Waldteufel set up camp at a youth hostel in Littleton, Massachusetts. “I did some cooking there and helped out as a way of paying for my room and board.”
Waldteufel’s time in Massachusetts led to his connection with the CRCA club, which in turn stepped things up a notch in 1972 when Raleigh agreed to sponsor an elite team. “I was introduced to the CRCA, and after a short time racing there, I became part of the club. My profession was cooking — that’s what supported my cycling. Cooking provided access; I could work six months, make enough money, and go race for the whole season. When the season would start I would quit and race full time.”
Asked what came to mind as he was riding with his old teammates, Waldteufel, who made the cover of VeloNews in 1972 racing in Venezuela, said he was just happy to be with old friends.
“What fun it is to see them again,” he said. “We are all disciplined, dead serious about riding, but there is always a fair amount of humor with the group. Now the rides are still important, but the socializing has taken over. We spent time getting to know each other and catching up on news and talking a little about the past and more about the present.”
Waldeufel recently took a new chef position at Rendezvous, a French bistro in Levi Leipheimer’s home town of Santa Rosa.
“I haven’t met Levi,” said Waldteufel, after adding that his restaurant is on the course that the Tour of California took into Santa Rosa this year.
Doug Dale, 63, of Amherst, Massachusetts, said he “predate(d) all the Raleigh guys. I rode for the Century Road Club.”
The amiable, hearty and in-form Dale originally came to the East Coast from Chicago looking for racing. He raced in Central Park on Sundays.
“I lived in Connecticut, so I took the Sunday train that was coming back from delivering the New York Times,” he recalled. “I would get in the car that was usually carrying the newspapers. In those days, more people spoke foreign language in the races than English.”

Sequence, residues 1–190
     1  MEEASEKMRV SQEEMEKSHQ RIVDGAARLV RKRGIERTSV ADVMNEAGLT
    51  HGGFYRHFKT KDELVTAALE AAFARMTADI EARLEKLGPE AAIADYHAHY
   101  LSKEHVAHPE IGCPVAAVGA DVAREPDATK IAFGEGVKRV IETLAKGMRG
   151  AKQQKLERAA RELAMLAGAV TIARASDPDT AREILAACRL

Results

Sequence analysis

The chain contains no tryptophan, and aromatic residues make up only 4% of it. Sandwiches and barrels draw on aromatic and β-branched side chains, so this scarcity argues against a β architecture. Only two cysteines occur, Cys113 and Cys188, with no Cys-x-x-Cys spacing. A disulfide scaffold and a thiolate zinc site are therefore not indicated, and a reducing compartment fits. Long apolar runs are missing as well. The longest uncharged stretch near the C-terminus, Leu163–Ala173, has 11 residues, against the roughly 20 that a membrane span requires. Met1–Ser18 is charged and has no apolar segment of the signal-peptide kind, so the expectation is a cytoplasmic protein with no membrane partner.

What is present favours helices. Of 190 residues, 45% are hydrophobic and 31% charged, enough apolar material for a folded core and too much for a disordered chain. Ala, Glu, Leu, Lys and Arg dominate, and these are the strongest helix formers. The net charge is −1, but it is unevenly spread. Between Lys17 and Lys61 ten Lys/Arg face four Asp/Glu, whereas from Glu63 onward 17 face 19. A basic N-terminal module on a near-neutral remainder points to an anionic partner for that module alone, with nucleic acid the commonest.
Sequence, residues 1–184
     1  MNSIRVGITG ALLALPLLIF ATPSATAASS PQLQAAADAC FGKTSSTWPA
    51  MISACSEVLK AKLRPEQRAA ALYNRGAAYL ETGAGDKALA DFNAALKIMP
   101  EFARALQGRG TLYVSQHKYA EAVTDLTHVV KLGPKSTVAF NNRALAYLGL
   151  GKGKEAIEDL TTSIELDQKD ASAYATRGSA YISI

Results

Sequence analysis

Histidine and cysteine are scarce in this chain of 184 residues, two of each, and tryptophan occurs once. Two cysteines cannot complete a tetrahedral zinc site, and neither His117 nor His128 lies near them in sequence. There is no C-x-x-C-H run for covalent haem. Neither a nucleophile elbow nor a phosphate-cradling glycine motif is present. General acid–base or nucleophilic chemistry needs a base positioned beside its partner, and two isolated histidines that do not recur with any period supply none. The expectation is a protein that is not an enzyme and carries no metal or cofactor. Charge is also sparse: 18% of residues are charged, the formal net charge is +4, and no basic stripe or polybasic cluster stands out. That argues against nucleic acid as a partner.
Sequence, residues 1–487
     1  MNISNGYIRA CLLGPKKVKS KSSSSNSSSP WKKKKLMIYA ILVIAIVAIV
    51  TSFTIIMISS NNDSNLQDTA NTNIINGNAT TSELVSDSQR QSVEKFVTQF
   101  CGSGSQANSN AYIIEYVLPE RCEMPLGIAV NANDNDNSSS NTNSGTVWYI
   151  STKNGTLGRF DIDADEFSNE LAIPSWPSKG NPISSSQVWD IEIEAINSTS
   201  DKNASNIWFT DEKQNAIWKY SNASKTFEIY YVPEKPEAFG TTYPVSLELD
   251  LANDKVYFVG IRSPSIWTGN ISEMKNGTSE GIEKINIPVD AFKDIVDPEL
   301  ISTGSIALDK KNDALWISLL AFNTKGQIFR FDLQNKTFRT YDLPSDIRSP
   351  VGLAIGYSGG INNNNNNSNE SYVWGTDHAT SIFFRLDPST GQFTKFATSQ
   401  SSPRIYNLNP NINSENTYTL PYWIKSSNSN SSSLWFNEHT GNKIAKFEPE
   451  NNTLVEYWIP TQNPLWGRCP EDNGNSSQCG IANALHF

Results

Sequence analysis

He added that fellow Raleigh Boy, 1968 and 1972 Olympian, and current race promoter Dave Chauner and his dad helped bring on Raleigh as the team’s sponsor in 1972. That allowed the team to step up to a higher level of racing. Along with Boston’s John Allis, the club brought on John Howard and started to dominate the U.S. racing scene. “It became a national image.”
Dale noted that the team wasn’t just a physical powerhouse.
“It’s an amazing group of guys,” he noted. “You have this level of erudition — they were thinking in a broad way.”
Discussions would range from politics to racing strategies to chess.
“We’d go up to a bike race up in Canada and sit around and have a few beers after a stage and the talk was always amazing!”
Dale also said that the team brought important publicity to Raleigh in the U.S.
“One season we figured it out that Raleigh got about $72,000 in exposure in ink,” he said.
Later, Dale recalled that 7-Eleven team manager Jim Ochowicz looked to the Raleigh team as the model for the team that, starting in 1981, would put American cycling on the global map for good.
“Raleigh is key to the history of (U.S. cycling), it was the very bedrock, very American,” he noted with a touch of pride.
Asked if the Raleigh riders had any idea at the time that they were creating the template that would lead to global cycling forces teams like U.S. Postal and Discovery, Dale said he could never have predicted the growth that resulted.
“No. I think we were more intent on listening to Jimi Hendrix. It was a rolling carnival,” he said with a smile. “We’d get into a van on a Thursday night, drive all day Friday, race on Saturday and Sunday, get in the van, get back and go to work. It was crazy.”
After doing two parade laps around the Fitchburg Longsjo Criterium course then taking a 20 mile spin through the woods that surround the central Massachusetts town, Dale said one thing came to mind.
“Brotherhood. This is such a close fraternity,” he said. “And it’s so amazing. It’s almost like a military experience. We’ve gone through so many on-the-bike and off-the-bike experiences, and when we see each other there is a connection. And it’s a pretty disparate bunch. But the minute we get together. We go off for a little roll in the back country. Ahh, man. You remember, and you trust. That’s the bottom line.”